Employee engagement levels lower compared to 2008 financial crisis

COVID-19 has hit employee engagement levels worse than the financial crisis of 2008.

This is according to research conducted by Toluna and Harris Interactive, two providers of consumer intelligence.

Vijay Mistry, head of employee experience research for Harris Interactive and Toluna said:

Employee engagement has taken a major hit as a result of the pandemic, even more so than the financial crisis of 2008.  It could be some time before organisations see employee engagement bounce back to pre-pandemic levels. It’s critical for organisations to keep an ear to the ground and understand shifting sentiment so they can swiftly take action to support their workforce. Engagement enhances business performance and competitive advantage, so rallying employees is paramount to survival today and success in the future as the landscape begins to normalize.

However, just under half (46 per cent) of UK employees believe the normal pace of work will return within two months once they return to the office. As well as more than half (57 per cent) being either enthusiastic or relieved about the thought of returning to their normal working arrangements.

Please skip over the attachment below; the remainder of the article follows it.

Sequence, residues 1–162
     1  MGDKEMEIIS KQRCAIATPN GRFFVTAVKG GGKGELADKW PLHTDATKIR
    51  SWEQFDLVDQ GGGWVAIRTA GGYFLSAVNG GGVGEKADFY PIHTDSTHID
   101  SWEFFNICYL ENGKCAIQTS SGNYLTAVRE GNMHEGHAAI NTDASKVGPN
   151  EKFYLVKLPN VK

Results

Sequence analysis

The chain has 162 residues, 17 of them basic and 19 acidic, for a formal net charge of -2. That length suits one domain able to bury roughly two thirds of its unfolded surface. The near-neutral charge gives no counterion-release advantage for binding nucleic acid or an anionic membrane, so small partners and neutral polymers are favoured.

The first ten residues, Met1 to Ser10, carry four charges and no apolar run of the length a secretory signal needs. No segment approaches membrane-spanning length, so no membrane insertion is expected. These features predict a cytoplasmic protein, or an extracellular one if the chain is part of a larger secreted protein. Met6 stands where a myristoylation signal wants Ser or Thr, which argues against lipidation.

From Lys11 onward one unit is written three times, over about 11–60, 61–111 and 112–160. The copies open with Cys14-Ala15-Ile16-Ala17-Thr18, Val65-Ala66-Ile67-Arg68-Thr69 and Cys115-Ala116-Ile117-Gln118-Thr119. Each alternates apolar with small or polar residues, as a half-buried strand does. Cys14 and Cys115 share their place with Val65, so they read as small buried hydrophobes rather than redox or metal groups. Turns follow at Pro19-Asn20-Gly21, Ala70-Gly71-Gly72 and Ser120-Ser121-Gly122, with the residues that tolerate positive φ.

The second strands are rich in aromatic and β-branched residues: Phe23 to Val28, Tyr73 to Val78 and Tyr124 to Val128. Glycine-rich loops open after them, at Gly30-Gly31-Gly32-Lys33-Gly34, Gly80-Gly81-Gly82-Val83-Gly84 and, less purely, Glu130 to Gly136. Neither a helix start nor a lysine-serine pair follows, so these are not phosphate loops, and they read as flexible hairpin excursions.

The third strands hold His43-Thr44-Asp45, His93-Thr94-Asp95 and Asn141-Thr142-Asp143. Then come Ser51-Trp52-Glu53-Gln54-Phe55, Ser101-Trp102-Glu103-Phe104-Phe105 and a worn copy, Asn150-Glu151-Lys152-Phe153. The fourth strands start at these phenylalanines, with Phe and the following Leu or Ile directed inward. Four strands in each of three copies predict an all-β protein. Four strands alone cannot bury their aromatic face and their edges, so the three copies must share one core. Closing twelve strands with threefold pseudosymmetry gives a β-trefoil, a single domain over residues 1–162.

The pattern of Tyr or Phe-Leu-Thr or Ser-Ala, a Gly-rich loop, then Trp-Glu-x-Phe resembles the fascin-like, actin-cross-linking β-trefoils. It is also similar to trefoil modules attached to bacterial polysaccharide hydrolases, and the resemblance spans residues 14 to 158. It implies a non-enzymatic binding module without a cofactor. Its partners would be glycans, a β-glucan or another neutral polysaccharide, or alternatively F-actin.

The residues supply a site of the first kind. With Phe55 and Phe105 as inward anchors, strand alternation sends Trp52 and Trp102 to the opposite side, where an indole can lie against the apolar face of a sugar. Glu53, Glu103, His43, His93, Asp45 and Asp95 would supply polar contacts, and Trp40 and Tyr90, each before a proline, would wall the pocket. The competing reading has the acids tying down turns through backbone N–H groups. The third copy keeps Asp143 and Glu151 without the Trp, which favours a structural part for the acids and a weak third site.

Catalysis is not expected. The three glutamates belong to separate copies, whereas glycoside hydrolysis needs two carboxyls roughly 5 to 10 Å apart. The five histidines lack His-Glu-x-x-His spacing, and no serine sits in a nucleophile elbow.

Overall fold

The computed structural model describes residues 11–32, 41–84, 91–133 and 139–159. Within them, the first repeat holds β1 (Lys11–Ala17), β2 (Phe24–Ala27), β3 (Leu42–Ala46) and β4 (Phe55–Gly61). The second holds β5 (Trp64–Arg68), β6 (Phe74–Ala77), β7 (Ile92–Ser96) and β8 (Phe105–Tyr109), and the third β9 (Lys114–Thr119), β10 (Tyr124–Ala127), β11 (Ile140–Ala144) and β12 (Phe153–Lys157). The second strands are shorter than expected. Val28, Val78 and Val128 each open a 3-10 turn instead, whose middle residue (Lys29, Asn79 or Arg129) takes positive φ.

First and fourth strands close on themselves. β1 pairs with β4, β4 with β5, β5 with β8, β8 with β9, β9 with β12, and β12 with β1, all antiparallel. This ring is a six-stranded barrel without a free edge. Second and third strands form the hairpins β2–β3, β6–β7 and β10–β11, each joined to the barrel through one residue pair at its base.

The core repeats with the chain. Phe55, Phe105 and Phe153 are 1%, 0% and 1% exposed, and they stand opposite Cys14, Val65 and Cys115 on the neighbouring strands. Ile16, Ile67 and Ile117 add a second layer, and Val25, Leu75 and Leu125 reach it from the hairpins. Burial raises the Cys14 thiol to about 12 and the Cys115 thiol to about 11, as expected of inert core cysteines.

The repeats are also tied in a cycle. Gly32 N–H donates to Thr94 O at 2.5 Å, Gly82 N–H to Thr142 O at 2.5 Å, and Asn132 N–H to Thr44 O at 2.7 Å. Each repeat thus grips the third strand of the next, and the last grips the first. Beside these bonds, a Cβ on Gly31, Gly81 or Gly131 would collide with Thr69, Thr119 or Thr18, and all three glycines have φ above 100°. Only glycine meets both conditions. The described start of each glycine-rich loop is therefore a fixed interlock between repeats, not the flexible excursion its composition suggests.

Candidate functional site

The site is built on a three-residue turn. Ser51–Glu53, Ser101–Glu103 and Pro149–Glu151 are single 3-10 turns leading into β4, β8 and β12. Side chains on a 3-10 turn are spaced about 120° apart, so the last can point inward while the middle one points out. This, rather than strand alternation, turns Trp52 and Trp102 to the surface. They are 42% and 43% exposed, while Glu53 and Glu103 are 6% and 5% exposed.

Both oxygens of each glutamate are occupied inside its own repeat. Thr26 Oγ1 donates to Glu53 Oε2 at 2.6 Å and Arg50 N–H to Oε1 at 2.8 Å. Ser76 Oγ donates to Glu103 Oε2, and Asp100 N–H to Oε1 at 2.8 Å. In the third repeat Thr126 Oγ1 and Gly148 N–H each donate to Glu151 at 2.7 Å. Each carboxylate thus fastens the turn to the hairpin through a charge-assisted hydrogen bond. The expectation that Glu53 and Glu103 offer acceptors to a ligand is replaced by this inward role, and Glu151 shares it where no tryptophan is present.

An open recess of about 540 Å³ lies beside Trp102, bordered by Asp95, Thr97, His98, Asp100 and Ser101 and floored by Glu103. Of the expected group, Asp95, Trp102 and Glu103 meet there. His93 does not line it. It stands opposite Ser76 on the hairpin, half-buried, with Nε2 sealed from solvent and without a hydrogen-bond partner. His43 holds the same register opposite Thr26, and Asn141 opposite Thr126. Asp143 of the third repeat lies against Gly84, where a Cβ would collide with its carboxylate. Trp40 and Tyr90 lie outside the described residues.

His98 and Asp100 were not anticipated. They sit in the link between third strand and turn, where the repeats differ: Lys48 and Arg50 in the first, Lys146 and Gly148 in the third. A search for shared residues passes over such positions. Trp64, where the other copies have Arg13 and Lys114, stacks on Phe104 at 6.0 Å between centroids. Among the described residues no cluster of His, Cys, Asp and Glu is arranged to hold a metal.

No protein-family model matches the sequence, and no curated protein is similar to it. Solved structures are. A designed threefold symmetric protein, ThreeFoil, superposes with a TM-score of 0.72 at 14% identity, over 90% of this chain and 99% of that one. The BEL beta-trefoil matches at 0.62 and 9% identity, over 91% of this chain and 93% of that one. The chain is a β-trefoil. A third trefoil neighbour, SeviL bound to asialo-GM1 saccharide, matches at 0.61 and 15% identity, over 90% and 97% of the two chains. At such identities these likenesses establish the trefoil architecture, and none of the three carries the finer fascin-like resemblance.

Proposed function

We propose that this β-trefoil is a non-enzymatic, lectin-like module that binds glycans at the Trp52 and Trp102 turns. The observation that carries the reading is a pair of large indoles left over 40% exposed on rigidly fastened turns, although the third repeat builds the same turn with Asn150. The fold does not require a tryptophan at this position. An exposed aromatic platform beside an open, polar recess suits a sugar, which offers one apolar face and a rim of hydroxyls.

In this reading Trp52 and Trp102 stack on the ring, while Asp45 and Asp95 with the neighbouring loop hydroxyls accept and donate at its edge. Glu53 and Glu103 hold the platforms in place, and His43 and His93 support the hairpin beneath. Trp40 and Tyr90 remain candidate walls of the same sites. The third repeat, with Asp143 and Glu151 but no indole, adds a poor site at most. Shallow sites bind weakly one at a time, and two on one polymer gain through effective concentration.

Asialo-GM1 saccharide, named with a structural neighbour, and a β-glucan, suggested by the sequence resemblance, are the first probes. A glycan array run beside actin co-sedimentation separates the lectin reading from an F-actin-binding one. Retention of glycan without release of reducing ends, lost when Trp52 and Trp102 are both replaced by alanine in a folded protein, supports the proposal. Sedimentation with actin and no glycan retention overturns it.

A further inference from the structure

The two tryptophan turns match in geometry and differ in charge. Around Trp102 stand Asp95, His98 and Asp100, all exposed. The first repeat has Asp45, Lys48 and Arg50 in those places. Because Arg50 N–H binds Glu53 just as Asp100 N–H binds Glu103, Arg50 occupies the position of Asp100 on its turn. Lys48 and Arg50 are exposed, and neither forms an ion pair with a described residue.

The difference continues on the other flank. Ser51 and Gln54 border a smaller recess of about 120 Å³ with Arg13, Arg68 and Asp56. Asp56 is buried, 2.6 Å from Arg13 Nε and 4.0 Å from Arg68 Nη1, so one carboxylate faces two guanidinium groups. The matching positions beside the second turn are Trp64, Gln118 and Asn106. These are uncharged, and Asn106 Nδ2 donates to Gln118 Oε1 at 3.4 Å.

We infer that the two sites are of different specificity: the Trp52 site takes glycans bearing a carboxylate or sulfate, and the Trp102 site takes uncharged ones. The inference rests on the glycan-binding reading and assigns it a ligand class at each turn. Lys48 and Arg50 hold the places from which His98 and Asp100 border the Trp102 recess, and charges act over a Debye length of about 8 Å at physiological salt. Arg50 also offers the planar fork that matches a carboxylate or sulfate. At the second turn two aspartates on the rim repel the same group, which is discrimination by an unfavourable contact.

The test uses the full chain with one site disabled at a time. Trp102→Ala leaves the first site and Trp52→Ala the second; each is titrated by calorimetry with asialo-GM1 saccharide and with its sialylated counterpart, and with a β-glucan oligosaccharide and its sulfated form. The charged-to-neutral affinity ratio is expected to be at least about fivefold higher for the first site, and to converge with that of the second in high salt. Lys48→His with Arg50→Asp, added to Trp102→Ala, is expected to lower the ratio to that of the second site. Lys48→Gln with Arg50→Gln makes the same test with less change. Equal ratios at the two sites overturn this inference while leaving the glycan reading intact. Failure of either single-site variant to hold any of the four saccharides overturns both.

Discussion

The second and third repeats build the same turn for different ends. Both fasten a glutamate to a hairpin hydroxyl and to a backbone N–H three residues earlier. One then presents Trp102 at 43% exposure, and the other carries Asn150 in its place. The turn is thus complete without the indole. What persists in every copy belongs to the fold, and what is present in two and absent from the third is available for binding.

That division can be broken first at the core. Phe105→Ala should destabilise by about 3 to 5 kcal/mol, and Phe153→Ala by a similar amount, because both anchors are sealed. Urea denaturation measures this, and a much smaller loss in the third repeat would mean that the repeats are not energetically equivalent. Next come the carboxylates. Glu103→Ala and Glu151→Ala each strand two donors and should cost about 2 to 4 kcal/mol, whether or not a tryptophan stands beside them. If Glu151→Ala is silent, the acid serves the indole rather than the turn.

Over a third (35 per cent) find the current situation of remote working to lead them to be less productive, despite 44 per cent of workers stating their workload is less compared to normal. Only 5 per cent of staff feel their workload is more than usual.

Over two-thirds (67 per cent) believe once the COVID-19 pandemic passes, workplaces’ hygiene and cleanliness will improve. The majority (51 per cent) believe working hours will become more flexible and 47 per cent expect to see improvements around home working arrangements, enabled by the increased use of online collaboration tools.

Mr Mistry said:

Businesses have made excuses for years to limit people from working remotely, despite increasing employee calls for flexibility. The excuse of impossibility will no longer hold up. Employees are not only comfortable working remotely but have demonstrated they can be just as productive at home. As a result, increased flexibility will be an inevitable expectation that employers will have to manage when work-life starts to return to normal.

In order to gather these results, Toluna and Harris Interactive spoke to 607 UK employees.





Darius is the editor of HRreview. He has previously worked as a finance reporter for the Daily Express. He studied his journalism masters at Press Association Training and graduated from the University of York with a degree in History.